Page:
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Plants might slow down in the fall, but it’s no time for gardeners to slack off.
In areas with killing frosts, autumn is the season to nourish the soil, prevent disease and get a jump on spring by pulling annuals, moving perennials and adding organic material, among other tasks.
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It’s also the time to tidy up, although experts no longer advise cutting down every perennial stalk and raking up every bit of debris each fall. While it’s good to clean out annual vegetables and flowers, it’s healthier for the garden, birds and insects to leave many faded perennials standing until spring and to let leaves decay.
“[Perennials] did not evolve where a big, big mammal is coming through to cut the tops off everything every fall and rake up every piece of leaf that falls in the area,” says Adam Choper, the Marjorie G. Rosen associate director of outdoor gardens and sustainable horticulture at the New York Botanical Garden (NYBG) in the Bronx. “We wait as long as possible in the early spring to cut [perennials] back.”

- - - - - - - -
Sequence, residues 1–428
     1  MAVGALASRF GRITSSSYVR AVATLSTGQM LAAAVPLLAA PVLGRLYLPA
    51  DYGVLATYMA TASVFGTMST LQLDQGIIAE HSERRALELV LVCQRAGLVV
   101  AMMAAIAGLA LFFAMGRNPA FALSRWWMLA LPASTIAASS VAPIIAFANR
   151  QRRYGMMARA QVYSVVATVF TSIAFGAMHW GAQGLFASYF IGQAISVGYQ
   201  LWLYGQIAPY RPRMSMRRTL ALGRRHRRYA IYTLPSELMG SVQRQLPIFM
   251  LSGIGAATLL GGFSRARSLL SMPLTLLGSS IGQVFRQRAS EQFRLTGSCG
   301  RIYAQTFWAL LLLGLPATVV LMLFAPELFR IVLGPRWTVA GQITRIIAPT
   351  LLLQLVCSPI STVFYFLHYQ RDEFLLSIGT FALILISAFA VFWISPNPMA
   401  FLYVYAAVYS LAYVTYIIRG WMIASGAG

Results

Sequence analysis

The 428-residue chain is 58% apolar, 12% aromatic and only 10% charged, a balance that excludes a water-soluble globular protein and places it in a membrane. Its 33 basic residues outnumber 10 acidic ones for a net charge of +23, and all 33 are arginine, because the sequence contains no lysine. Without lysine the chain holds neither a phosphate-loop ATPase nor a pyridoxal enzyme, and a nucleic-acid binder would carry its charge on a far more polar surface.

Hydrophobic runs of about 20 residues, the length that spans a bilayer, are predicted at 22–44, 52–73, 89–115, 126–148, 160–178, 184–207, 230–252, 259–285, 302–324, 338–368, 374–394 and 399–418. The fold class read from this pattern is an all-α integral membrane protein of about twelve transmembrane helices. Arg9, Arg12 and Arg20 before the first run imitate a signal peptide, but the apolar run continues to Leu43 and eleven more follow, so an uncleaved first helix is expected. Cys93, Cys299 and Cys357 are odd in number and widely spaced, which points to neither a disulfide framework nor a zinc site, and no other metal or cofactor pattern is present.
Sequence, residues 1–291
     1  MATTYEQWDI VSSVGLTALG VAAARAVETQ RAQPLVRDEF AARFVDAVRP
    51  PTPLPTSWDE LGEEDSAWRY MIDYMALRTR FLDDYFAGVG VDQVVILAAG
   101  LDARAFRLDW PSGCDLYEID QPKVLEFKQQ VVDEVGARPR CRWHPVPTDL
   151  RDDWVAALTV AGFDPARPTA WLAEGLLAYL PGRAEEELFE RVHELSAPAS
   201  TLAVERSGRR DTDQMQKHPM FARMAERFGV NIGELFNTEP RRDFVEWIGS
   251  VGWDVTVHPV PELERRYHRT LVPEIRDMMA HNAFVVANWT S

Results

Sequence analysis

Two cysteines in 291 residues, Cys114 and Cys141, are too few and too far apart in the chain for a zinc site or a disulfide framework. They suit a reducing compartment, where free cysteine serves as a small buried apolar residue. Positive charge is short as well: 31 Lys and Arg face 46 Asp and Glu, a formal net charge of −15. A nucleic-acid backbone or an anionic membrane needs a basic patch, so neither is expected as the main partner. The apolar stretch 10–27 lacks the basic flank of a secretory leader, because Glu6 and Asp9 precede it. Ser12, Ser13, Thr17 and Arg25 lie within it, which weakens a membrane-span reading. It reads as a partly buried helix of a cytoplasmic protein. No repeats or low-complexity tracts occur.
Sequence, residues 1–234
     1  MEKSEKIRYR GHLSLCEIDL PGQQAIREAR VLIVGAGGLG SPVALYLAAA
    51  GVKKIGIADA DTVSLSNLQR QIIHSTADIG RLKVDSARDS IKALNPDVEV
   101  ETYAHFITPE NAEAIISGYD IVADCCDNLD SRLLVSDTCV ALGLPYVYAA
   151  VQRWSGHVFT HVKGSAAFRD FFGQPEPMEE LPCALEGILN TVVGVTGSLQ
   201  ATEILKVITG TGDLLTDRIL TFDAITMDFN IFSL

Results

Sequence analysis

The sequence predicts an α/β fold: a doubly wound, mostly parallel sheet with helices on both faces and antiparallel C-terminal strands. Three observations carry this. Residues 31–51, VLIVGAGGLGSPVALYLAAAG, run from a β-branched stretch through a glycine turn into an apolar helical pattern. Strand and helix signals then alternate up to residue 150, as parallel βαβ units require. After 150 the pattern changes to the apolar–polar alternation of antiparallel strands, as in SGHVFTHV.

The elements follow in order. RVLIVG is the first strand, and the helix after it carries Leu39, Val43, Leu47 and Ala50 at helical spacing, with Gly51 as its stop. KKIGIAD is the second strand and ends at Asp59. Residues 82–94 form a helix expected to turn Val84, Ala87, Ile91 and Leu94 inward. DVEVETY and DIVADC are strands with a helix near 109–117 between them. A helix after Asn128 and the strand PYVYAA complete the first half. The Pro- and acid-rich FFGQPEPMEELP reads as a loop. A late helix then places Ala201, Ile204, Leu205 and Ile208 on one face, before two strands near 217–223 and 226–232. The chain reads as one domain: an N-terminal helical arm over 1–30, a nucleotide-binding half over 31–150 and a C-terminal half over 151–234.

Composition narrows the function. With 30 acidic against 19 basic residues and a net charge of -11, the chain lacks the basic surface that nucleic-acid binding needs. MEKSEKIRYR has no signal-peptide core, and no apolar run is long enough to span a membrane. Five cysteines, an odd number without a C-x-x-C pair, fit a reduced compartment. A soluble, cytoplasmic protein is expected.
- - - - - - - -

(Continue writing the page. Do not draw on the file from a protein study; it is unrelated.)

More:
That works for Kevin Kelly, who’s been gardening since the 1980s. Kelly, 65, a family physician and Master Gardener, turned his ⅓-acre suburban lot in Harrisburg, Pennsylvania, into a packed, four-season garden of perennials, annuals, conifers and other plants. He used to put his garden to bed for the winter, “almost like you were cleaning the house before guests would come for the holidays.” Now, he concentrates on a few tasks, like soil testing and mulching.
“I went from what I used to call ‘fall cleanup’ to what now I call ‘winter preparation,’” he says. “First of all, I do much less work. There are lower costs, and … I’m really supporting wildlife and making a better environment.”
So what should be on your to-do list this fall? Here are nine chores that will help keep your garden healthy and save time next spring.